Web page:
Is it Safe to Travel to Kenya?

Kenya is one of the most visited tourist destinations in Africa and has a number of world class national parks, hosts the annual wildebeest migration and has a fabulous coast line. The country has had a number of security issues which had a negative impact on tourist numbers for a while but with its tourism pedigree, it has recovered. People from around the globe come to experience the richness of both the Kenyanculture and its stunning parks with abundant wildlife. Kenya has seen the arrival of large numbers of tourists from the United States, followed by the United Kingdom, India, and China.

Is it Safe to Travel to Kenya?

While Kenya has seen its share of troubles, the crime rate in Kenya isn’t as high as some other countries in Africa. The Kenyan authorities have done a pretty good job of securing most locations and they have an impressive security setup. Also, airports and public places such as markets and shopping malls have seen an increase in police security.

Most of the crime in Kenya occurs in urban areas of the well-known cities and towns and these locations are not generally near safari destinations. Most of the time safari tourists will be transiting through these areas and their exposure will be limited. We have included a list of safety tips for cities in addition to safety tips on safari and some further information on health and vaccinations.

Kenya Safety Tips For Cities And Towns

  • Read the travel guidelines provided to you and follow the rules and suggestions made by your tour operator.
  • No matter what country you visit, you should always keep a copy of your passport and visa with you at all times.
  • Avoid walking alone or travelling in isolated areas and make sure that you are extra vigilant at night.
  • Store all your valuables including jewellery, original passport & visa and camera in your hotel’s safe box.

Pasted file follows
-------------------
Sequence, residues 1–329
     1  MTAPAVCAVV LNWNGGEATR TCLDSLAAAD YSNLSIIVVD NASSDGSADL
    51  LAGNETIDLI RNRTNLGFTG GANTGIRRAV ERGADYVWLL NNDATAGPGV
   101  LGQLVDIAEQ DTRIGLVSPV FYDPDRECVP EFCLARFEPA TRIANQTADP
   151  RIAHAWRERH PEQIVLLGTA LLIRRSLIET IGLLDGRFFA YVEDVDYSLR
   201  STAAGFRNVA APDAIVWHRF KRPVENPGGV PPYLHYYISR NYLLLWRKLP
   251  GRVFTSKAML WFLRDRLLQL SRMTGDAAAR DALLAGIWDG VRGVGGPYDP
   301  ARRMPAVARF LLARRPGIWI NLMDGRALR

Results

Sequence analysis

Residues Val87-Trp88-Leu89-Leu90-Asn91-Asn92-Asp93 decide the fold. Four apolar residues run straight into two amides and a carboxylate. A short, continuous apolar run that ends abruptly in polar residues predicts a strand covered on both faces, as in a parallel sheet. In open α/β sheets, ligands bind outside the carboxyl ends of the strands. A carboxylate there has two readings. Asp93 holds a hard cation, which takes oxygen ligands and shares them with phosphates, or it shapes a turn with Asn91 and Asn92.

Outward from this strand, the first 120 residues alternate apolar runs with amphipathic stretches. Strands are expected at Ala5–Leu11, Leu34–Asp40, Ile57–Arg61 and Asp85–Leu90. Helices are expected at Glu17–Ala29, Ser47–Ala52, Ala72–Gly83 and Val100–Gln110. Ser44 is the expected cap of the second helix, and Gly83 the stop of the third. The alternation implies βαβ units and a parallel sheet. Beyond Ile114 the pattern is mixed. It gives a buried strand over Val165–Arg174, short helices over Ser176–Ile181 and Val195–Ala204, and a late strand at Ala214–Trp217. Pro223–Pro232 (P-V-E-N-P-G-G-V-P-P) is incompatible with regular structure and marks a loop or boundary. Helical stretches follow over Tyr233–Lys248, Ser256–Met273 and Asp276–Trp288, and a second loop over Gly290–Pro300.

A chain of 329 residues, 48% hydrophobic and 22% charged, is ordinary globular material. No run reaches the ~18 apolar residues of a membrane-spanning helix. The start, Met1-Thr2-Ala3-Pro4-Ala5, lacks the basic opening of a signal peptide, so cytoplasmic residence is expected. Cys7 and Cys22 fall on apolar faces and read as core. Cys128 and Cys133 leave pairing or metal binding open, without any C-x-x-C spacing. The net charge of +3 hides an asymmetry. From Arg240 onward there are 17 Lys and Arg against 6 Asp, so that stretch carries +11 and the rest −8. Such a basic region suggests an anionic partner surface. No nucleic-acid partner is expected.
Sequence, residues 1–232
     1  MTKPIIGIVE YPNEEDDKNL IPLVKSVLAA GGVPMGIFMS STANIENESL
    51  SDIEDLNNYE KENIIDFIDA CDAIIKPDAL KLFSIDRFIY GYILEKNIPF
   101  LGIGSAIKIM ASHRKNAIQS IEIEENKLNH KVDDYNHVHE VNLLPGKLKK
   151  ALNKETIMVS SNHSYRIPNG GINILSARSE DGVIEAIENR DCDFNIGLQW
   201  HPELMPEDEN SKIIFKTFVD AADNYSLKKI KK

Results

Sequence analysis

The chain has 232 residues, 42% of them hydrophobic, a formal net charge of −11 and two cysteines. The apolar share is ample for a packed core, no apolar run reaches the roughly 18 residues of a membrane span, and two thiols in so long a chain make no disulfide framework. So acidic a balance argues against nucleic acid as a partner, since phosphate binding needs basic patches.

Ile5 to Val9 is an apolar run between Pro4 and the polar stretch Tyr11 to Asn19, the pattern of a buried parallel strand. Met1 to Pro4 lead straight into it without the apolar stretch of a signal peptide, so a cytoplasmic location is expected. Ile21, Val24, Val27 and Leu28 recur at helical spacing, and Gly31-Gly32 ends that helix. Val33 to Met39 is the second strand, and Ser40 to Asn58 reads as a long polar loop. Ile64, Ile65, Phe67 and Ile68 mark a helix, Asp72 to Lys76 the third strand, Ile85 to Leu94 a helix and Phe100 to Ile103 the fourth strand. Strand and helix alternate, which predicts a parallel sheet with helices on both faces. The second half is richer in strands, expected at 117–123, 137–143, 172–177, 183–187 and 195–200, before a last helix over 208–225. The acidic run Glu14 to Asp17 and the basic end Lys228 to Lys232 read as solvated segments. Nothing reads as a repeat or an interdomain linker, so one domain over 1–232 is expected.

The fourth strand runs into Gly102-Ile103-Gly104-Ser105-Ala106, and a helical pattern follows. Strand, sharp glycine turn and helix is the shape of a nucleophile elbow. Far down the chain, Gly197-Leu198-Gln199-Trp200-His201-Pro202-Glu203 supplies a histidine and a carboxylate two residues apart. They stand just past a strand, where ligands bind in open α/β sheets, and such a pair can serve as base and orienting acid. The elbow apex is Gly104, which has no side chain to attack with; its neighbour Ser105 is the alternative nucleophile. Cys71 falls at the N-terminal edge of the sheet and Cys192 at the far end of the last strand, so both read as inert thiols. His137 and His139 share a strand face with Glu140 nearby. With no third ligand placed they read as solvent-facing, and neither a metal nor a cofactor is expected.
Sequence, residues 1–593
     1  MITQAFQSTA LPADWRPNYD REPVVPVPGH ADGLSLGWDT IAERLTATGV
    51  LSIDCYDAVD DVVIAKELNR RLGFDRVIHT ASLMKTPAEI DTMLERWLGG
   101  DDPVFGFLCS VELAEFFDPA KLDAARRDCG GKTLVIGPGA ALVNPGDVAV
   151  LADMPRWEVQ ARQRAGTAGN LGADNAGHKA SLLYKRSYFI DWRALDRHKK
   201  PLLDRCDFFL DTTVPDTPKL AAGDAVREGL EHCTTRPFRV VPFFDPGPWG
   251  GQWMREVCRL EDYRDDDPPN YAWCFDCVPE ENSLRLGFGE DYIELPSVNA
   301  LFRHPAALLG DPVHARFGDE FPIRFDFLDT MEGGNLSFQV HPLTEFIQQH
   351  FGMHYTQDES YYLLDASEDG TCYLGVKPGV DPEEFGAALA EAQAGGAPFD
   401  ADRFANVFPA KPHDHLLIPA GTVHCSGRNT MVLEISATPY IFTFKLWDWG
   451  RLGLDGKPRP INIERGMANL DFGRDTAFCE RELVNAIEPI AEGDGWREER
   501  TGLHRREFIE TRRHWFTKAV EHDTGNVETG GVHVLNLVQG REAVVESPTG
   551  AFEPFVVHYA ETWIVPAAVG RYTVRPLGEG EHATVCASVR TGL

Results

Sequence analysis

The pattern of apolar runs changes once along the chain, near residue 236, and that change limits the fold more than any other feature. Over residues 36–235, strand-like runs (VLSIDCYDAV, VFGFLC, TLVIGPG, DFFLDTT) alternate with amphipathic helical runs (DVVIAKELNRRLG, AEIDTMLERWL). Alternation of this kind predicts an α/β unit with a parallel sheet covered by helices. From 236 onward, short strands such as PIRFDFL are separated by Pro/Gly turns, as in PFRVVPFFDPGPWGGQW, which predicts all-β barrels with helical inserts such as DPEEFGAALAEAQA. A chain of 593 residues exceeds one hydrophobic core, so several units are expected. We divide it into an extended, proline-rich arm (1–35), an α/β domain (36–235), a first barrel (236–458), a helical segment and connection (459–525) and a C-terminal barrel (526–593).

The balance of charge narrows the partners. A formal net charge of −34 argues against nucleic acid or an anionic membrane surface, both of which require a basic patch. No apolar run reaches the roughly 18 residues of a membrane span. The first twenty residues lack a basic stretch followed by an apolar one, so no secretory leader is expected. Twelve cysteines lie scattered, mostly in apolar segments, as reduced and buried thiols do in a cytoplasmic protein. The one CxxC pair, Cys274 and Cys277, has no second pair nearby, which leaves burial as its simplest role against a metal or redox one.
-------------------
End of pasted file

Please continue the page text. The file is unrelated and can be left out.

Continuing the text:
• Bring only what you need for the trip.
  • In case you need to go out at night, book a taxi. But, if it isn’t urgent, do it the next day.

Kenya Safety Tips For Safaris

  • On a guided safari tour, follow the advice and rules set by your tour operator. They’ll take you to visit the prime wildlife locations and also look out for your well-being during the trip.
  • Tourists who intend to self-drive should read up on all the travel guidelines, including the ones about scaring and annoying animals.
  • Try to keep your excitement under control. Any interruptions could scare them, so ensure that you speak in a low voice when near them.
  • Animals can be unpredictable and the tour operator will keep you informed if you need to back away from an animal.
  • During the safari, do not put your head out of the window or stand on the roof or stand in the vehicles.
  • Keep the protective windows and doors shut at all times.
  • People who plan on camping should be aware of three things, which your guide will also inform you about before the trip.


  1. Food items aren’t to be left lying around, only carry what you need.
  2. Never forget to zip up your tent, no matter how quickly you think you’ll be back.
  3. Do not walk around at night.

Vaccinations Before Entering Kenya

When travelling to Kenya, vaccinations are of the utmost importance. Most of the vaccinations required for Kenya and surrounding African countries are similar.

  • Measles-Mumps-Rubella (MMR) Vaccine: Children, more importantly, infants (6 to 11 months old), need to get the MMR vaccine. Children, 12 months or older, can need two doses of MMR vaccine.
  • Hepatitis A and Typhoid Vaccines: Hepatitis A and Typhoid spread through contaminated food and water.
  • Cholera: People visiting Kenya from countries with active cholera transmission need to get this vaccine.
  • Hepatitis B Vaccine: Hepatitis B can spread via blood, contaminated needles, and sexual contact.
  • Malaria Medicines and Preventions: Get in touch with your doctor for prescribed malaria medicines and to learn about preventive measures.
  • Meningitis Vaccine: Meningitis in common in Kenya during the dry season from December to June.
  • Rabies Vaccine: Rabies can be contracted from bats, dogs, and other mammals in Kenya.
  • Yellow Fever Vaccine: Yellow fever vaccine is required if you come from a country with the risk of yellow fever virus transmission.

It is very important to take the advice of the tour operator that you are booking your trip through as well as your local GP. For more information regarding these vaccinations

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